The fee is small - a fraction of a penny, so that it doesn't add up to much for occasional mistakes in filing, or small infractions. But if there are 10000 or so complaints, the amounts get significant. Again - this is the needed incentive, and the policing is on a realistic scale. The ISP is in also in a position to be able to grant or deny access to it's network if necessary.

Ok - so what about people falsley reporting SPAM? Well - the accused would have to be able to appeal the accusation - to a central body, the one that organizes reporting machinery. The fines for falsely reporting spam would have to be substantial - substantial enough to grant incentive to avoid false reports, but not so substantial that organizations are discouraged from reporting SPAM.

I think that would work, both technically & politically. It wouldn't be easy of course, but i've read some high estimates of how much traffic SPAM uses up - there really isn't much of a theoretical limit to it - other than (Shannon's Channel Capacity theorem :) ) If the problem is big enough, a realistic solution will be implemented. I think this is a realistic solution. What do you think? (I'm about to email this to my Bro the computer scientist for some qualified opinion. - I'll let you know what he thinks... )

Over & Out.

On Growth

Economic Growth that is...

I've been wanting to write on this for a while - not just on this blog either. I've had a file on my desktop that i've been working away at, but this seems like a much more motivating environment.

So here's where i'm starting from: Growth - GDP Growth in particular - is a desirable economic quality. A lot of good comes from Economic growth. Growth Target's in most western countries are between 2% & 4% year on year. But what is "Growth"? Why is it important? In what ways is it good? In what ways is it not good? How else can one think about growth? It's a topic I first remember contemplating several years ago - with an econmics amigo from India - Anup Thomas.

Let's start with What is Growth: Growth can be whatever you define it to be, but in the current economic system, growth is defined (more or less) as the percentage increase in the number of dollars (or which ever currency unit you use) which is generally thought to represent the progress in a given economic division. In short, if the economy of the UK grew at 4% for 2004, if everyone put their pound-notes together in a pile, there would be 4% more of them in 2004 than there would have been if everyone had done this in 2003.

Heckling disclaimer - obviously there aren't enough pound-notes printed to do this & the calculation is way more complex, but i like this as a nice simple picture, that is more or less valid.

Note that the choice of units of measurement (dollars or other currency units) is fairly arbitrary, as is the definition of progress or improvement as an increase - from a strictly philosphical perspective.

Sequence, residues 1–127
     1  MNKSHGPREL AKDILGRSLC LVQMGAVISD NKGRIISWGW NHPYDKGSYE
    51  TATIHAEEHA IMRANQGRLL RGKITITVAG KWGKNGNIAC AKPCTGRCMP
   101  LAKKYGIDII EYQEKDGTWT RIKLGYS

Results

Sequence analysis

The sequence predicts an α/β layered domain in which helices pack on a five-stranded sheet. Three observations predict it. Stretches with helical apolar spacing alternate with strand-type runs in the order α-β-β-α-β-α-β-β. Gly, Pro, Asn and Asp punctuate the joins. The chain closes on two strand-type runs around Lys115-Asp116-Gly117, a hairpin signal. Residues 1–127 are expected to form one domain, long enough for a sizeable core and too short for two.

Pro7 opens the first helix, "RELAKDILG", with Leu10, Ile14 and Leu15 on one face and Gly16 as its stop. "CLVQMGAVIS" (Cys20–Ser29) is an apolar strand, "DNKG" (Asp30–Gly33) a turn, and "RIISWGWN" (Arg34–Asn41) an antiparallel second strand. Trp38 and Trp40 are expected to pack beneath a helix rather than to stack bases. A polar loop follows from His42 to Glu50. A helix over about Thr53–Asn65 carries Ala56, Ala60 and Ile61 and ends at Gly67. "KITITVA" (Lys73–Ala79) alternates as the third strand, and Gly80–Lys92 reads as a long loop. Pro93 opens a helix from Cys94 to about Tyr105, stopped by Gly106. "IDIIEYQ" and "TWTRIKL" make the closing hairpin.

So Now - Why is it important?

Well- Psychologically, growth is important - because it represents a measure of improvement of one year on another. I don't know about you, but if I don't feel like i'm making progress, I can get very frustrated & angry - and eventually depressed. That's what growth is all about - measuring some kind of "progress" so that we can feel happy. I'm pretty sure that we were genetically selected for this type of emotional response, but i'd be interested in some comments - particularly from some of my friends from different cultures on what tends to bring the deepest, most sustainable happiness most human lives.

As well as the psychological arguments it is generally accepted that economies with strong growth tend to be doing well, and economies with less growth don't do as well. If an economy starts to contract - as Japan's did through much of the 1990s - one risks inflation hitting zero or becoming less than zero. Negative inflation - called deflation - isn't good for economic systems as they currently exist. Goods get less & less expensive with each coming day (kind of like electronics currently do, but on much bigger & more important things like houses & buildings)

If things are getting cheaper day by day, there is no sense in buying them today, so one might wait until tomorrow, next week, or next year to buy something. While this isn't a bad thing in one or two cases, in theory one might postpone all of one's spending indefinitely. This would quickly become unsustainable because everyone would stop buying from everyone else, goods and services & eventually the only transactions would be about urgent needs - like eating. This doesn't sound like a completely wrong things to me - it might be representative of hunter-gather economics, but it is very alien to current economic practice & I hope you can see that negative growth would be quite calamitous to us at present.

So positive growth is important because it probalby staves off economic catastrophe.

I think that's enough for today, I'll come back to What's good & bad about growth tomorrow perhaps.

[CR] I like this Blog Thing

I'm getting to like Blogging. I'll do my best to avoid cluttering the airwaves, but I have to say - so far so good.

Hmm. Thoughts for today:

On Growth
Renewable Energy Work for Me
Barrie Zwicker & 9-11

I'll tackle the last two first, as they're quick ones.